“It may well be that we will have to repeat in this generation, not merely for the . . . — — Map (db m115849) HM
“I have a dream.” Martin Luther King, Jr. August 1963
The block-long plaza at 13th and Pennsylvania Avenue just ahead to your left honors civil rights leader Martin Luther King . . . — — Map (db m28528) HM
"This hotel, in fact, may be much more justly called the center of Washington and the Union than either the Capitol, the White House or the State Department. . ." Nathaniel Hawthorne, Civil War reporter for the Atlantic Monthly At 6:30 a.m. . . . — — Map (db m10905) HM
In founding the Southern Christian Leadership Conference, Dr. Martin Luther King, Jr. gave momentum to the civil rights movement. Dr. King’s persistent efforts, inspiring oratory and non-violent protests, despite physical attacks, death threats and . . . — — Map (db m91920) HM
The assassination of the Rev. Dr. Martin Luther King, Jr. on Thursday, April 4, 1968, changed this neighborhood forever.
When word of Dr. King’s murder spread that evening, Washingtonians gathered along busy 14th and U streets, NW; H Street, . . . — — Map (db m21658) HM
[Dedication by Royal Cortissoz, above the statue by sculptor Daniel Chester French:]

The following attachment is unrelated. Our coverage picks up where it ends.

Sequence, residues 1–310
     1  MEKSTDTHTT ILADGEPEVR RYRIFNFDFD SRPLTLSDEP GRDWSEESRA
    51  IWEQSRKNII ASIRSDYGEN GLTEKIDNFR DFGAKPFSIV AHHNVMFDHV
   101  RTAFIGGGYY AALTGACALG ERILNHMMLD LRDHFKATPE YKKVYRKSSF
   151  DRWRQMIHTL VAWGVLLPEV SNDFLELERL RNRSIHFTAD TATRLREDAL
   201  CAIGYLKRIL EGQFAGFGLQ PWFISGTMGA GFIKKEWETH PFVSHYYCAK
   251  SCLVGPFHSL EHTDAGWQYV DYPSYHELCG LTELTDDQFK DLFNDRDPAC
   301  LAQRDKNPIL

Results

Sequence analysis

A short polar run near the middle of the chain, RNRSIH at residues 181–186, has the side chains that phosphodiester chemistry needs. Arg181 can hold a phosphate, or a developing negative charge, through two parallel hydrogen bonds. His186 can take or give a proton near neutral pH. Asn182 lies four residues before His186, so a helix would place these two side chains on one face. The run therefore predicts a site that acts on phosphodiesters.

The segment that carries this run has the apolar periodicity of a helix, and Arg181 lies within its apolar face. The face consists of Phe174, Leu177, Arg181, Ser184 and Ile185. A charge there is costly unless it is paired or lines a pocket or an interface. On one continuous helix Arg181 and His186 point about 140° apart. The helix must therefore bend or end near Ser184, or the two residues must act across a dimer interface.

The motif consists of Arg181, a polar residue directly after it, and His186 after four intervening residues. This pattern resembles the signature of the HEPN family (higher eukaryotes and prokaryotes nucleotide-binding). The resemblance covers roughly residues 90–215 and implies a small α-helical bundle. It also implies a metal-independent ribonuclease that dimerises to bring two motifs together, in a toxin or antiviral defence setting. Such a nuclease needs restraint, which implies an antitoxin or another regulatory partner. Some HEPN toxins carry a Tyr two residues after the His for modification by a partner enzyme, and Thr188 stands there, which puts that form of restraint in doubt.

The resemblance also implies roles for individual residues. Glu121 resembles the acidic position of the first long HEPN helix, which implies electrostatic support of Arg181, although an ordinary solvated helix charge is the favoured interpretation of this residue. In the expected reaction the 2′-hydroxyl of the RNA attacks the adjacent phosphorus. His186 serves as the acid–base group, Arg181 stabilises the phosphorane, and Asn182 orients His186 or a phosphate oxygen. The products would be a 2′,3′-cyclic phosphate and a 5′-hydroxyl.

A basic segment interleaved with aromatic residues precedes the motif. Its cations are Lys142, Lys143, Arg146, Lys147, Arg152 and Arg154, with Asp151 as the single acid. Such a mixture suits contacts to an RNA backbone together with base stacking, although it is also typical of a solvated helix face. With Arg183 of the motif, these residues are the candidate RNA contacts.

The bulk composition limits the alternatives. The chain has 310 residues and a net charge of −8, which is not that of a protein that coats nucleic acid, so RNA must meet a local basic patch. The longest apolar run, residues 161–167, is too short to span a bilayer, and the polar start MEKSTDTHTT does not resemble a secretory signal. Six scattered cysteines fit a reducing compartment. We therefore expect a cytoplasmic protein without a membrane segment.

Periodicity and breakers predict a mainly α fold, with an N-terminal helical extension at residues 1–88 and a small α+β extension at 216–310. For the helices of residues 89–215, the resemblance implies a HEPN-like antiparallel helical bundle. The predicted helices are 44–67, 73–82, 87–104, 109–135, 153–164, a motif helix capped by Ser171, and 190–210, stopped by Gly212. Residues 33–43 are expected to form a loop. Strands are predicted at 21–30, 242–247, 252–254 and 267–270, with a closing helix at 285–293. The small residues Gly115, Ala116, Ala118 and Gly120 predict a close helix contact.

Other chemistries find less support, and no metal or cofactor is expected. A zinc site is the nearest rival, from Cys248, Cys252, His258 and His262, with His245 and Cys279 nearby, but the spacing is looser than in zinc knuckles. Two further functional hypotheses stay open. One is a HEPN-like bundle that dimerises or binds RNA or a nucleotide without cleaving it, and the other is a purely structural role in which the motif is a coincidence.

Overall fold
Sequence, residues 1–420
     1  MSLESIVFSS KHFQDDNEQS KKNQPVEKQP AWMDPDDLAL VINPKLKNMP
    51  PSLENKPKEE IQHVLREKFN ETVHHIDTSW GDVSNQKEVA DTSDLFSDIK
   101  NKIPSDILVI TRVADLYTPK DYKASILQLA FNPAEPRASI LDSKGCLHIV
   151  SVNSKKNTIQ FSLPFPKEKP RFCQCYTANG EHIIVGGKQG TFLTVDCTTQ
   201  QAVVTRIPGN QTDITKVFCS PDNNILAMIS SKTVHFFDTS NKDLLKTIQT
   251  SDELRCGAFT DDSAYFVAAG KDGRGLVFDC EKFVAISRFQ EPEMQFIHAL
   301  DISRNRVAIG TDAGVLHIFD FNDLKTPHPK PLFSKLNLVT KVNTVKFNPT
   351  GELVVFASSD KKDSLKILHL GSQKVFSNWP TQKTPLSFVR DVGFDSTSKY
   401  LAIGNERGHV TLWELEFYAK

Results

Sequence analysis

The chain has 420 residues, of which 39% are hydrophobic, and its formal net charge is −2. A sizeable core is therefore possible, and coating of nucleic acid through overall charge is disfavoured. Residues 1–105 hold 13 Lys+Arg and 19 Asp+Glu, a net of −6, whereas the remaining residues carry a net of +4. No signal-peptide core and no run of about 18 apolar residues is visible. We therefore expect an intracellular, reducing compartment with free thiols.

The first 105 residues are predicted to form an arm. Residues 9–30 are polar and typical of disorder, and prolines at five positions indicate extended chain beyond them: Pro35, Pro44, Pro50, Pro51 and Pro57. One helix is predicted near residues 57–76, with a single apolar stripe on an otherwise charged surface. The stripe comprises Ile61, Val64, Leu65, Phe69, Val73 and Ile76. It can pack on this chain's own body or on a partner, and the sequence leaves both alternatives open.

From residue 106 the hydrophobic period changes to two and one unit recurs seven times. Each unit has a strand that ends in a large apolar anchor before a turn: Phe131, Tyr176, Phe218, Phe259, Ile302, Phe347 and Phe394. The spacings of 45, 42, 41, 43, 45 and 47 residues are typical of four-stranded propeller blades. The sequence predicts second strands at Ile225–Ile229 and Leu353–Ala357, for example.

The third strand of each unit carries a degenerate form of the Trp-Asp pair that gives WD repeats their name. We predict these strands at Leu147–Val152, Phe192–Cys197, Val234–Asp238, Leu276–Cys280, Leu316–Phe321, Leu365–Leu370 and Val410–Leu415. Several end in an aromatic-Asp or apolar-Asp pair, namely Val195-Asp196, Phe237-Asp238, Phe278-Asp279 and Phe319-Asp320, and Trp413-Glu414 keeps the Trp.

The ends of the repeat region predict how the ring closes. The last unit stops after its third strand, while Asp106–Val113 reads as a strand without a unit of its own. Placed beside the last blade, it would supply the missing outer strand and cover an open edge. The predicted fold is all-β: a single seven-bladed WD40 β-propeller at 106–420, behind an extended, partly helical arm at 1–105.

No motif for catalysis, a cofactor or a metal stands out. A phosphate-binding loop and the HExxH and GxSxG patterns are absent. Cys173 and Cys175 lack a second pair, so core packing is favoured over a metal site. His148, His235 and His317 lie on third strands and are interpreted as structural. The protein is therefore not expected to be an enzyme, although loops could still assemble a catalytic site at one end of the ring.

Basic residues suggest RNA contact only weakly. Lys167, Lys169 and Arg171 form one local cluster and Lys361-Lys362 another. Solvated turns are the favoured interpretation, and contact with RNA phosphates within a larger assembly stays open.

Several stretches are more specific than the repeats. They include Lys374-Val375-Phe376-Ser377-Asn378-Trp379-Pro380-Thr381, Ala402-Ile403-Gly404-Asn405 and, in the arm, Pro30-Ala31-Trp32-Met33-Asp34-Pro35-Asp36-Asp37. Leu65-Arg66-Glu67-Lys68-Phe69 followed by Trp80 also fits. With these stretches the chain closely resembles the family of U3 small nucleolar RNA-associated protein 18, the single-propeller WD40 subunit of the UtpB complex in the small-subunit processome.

"In this temple as in the hearts of the people for whom he saved the Union the memory of Abraham Lincoln is enshrined forever."
[Inscription . . . — — Map (db m28607) HM
“With this faith we will be able to hew out of the mountain of despair a stone of hope. With this faith, we will be able to transform the jangling discords of our nation into a beautiful symphony of brotherhood. With this faith, we will be . . . — — Map (db m46398) HM
At this site will be erected the Martin Luther King, Jr .Memorial. The memorial will embody the man, the movement and the message. It will honor this 20th century visionary who brought about change through the principles of nonviolence and equally . . . — — Map (db m208) HM
The house at 156 Central Avenue was built in the 1950's for Mrs. Janie Price, a nurse at Flagler Hospital. She had taken her nurse's training at Grady Hospital in Atlanta in the 1940s and while there had attended dances with students from Morehouse . . . — — Map (db m7627) HM